Grigoriy Fedotovich Krivosheyev (Russian: Григорий Федотович Кривошеев, born in 1929) is a Russian military historian and a retired Colonel General of the Russian military. He is mostly known in the West, via an alternative transliteration of his name, Krivosheev, as the editor of a book on Soviet military casualties in the 20th century, which was translated and published in English.
General Krivosheyev became widely known after the 1993 publication of the book titled Гриф секретности снят: Потери Вооруженных Сил СССР в войнах, боевых действиях и военных конфликтах (Transliteration: Grif sekretnosti snyat: poteri vooruzhyonnyh sil SSSR v voynah, boevyh deystviyah i voennyh konfliktah), originally in Russian, and about Soviet military casualties in various conflicts of the twentieth century, particularly in World War II. With Krivosheyev being the general editor of the book, this analysis prepared by historians based on declassified Soviet archival data represents the first comprehensive attempt to scientifically address the losses of the armed forces of the former Soviet Union during World War II. Previously, the number of human casualties was mostly a matter of political speculations, and widely fluctuated with changes in political expediencies. In 1997 Krivosheyev's book was translated and published in English under the title of Soviet Casualties and Combat Losses in the Twentieth Century.
A follow-up book also under editorship of Krivosheyev addressed Russian and Soviet combat losses in the wars of the 20th century, titled Russia and the USSR in the Wars of the Twentieth Century: Losses of the Armed Forces. A Statistical Study, was published in Moscow in 2001.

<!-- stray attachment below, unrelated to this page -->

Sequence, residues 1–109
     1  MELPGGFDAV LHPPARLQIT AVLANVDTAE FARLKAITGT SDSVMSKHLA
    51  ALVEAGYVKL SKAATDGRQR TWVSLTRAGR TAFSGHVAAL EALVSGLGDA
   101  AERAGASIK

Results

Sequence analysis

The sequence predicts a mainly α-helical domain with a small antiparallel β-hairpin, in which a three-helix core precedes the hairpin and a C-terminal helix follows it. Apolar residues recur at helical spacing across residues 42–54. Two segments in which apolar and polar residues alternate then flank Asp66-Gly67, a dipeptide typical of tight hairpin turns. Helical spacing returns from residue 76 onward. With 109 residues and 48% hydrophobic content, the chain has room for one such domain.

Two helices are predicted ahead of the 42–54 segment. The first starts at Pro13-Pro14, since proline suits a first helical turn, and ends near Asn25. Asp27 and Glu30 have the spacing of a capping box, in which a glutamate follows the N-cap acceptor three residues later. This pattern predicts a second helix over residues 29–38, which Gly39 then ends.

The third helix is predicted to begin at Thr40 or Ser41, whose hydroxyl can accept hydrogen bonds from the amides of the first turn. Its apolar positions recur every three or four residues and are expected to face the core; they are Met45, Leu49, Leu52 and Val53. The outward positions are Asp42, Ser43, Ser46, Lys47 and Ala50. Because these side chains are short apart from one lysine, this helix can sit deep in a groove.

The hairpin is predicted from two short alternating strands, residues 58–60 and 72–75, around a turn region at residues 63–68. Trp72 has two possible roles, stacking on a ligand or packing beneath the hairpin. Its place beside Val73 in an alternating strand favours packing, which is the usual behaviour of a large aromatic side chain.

Krivosheev's analysis has generally been accepted by historians, however his study has been disputed by some independent researchers in Russia. His critics maintain that he underestimated the number of missing in action and POW deaths  and deaths of service personnel in rear area hospitals.Makhmut Gareev former Deputy Chief of the General Staff of the Armed Forces of the USSR maintains that the published information on Soviet casualties is the work of the individual authors and not based on official data. According to Gareev the Russian government has not disclosed the actual losses in the war.In 2000 S. N. Mikhalev published a study of Soviet casualties. From 1989 to 1996 he was an associate of the Institute of Military History of the Ministry of Defence. Mikhalev disputed Krivosheev's figure of 8.7 million military war dead, he put the losses of the at more than 10.9 million persons based on his analysis of those conscripted. He maintained that the official figures cannot be reconciled to the total men drafted and that POW deaths were understated. Mikhalev put total irreplaceable losses at 13.7 million, he believed at the official figures understated POW and missing losses, the deaths of service personnel convicted of offenses were not included with overall losses and the number that died of wounds was understated.German historian Roman Töppel, in his 2017 book on the battle of Kursk (written after consulting all available armies and units archives), noted that Krivosheev's figures for the Battle of Kursk are underestimated, probably by 40%